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Eco-Friendly Boiler Arrives at UT Steam Plant

July 14, 2015

At just a few miles an hour, the 40-ton boiler moved closer to the University of Tennessee steam plant.

Onlookers took photos and videos with their phones as the semi carrying the boiler on a trailer inched onto Lake Loudoun Boulevard and toward the plant on Monday afternoon.

The installation of the boiler, which uses natural gas and fuel oil to create steam, is one more step in a three-year UT project to convert the steam plant from coal-fired boilers to natural gas and fuel oil boilers.

It’s an effort to be more environmentally friendly and efficient as well as meet the U.S. Environmental Protection Agency standards.

“Gas burns greener than coal does,” said Tommy Oakley, interim general superintendent of the steam plant.

In March, the campus hit a milestone of no longer using coal, said Dave Irvin, associate vice chancellor for facilities services. He said the project is lowering emissions, although it is too soon to know how much energy has been saved.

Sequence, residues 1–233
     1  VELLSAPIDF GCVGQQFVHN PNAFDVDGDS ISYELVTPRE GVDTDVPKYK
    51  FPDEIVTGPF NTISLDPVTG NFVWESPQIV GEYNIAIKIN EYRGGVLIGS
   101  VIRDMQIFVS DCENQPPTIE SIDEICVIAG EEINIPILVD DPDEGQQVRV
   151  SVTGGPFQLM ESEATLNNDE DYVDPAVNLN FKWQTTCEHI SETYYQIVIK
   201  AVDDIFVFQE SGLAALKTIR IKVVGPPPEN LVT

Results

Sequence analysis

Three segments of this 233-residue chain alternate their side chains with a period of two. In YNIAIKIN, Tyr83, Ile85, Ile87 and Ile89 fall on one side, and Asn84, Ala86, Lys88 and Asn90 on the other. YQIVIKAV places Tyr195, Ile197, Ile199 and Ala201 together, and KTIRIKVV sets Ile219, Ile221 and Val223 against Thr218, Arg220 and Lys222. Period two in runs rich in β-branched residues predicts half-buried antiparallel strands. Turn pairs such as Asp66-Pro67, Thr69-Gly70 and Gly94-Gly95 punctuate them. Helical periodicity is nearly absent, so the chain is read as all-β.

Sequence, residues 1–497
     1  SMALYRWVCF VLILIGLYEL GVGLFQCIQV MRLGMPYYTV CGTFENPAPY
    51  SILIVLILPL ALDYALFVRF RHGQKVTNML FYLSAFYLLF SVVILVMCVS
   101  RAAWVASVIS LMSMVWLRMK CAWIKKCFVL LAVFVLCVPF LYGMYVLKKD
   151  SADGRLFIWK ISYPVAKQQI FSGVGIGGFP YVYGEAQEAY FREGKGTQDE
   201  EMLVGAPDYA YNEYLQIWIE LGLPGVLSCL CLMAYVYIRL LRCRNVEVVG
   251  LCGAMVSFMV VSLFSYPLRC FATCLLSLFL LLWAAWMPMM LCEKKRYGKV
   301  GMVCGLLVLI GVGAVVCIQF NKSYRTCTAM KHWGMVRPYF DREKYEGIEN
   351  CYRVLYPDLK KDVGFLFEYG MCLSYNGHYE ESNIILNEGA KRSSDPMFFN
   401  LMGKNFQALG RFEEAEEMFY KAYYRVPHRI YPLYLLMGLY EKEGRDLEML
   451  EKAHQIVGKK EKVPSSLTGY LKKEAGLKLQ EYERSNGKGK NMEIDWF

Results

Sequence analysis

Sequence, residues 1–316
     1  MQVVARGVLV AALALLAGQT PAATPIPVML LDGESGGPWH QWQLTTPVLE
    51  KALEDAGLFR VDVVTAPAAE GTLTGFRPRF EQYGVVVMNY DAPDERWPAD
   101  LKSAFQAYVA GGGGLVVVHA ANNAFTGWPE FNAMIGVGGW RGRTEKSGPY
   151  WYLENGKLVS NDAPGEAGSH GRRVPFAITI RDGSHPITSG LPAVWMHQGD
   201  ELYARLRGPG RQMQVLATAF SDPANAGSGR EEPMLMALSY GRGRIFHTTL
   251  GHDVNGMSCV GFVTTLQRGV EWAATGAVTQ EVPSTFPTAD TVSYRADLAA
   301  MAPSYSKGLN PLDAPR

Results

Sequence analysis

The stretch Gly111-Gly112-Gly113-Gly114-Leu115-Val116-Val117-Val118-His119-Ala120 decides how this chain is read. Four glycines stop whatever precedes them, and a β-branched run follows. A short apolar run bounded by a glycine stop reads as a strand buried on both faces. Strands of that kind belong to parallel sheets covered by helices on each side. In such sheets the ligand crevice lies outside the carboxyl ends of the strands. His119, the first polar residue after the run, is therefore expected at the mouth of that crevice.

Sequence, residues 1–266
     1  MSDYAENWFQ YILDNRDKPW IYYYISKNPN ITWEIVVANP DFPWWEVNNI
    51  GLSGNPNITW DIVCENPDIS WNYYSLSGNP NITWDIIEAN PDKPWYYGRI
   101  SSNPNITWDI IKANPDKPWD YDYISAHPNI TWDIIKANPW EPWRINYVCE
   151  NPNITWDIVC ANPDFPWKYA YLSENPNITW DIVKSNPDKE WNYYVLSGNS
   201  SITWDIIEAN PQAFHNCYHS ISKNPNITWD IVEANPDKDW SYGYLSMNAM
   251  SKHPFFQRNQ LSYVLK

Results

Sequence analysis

The overall project is on track to be completed in 2016, Irvin added.

The steam plant serves the UT main campus and Institute of Agriculture campus. Miles of underground steam pipes deliver steam for heat, hot water as well as sterilizers and similar machinery in more than 150 buildings.

Without this project to be more efficient and increase power, the campus wouldn’t have the steam it would need for the buildings currently under construction on campus, Irvin said.

Oakley said the boiler delivery was timed for the summer when the campus uses less steam, and the new boiler that arrived Monday should be installed and ready to go by Labor Day.

He said the next step in the project is for Knoxville Utilities Board to run a larger, high-pressure gas line into the plant so the gas supply will be more consistent. Then the plant’s 300-foot smokestack will come down.

When the project started, two of the five boilers at the plant were strictly coal burning. One of those was replaced last year and the boiler that arrived Monday replaced the second coal-fire boiler.

Those coal boilers were from 1965 and had more moving parts than the new boilers, Oakley said. Plus, he said, there were more steps involved in their use, including removing ash.

But with the new boilers, there will be less parts to replace over time, he said.

Click here for video.

Courtesy of Knoxville News Sentinel

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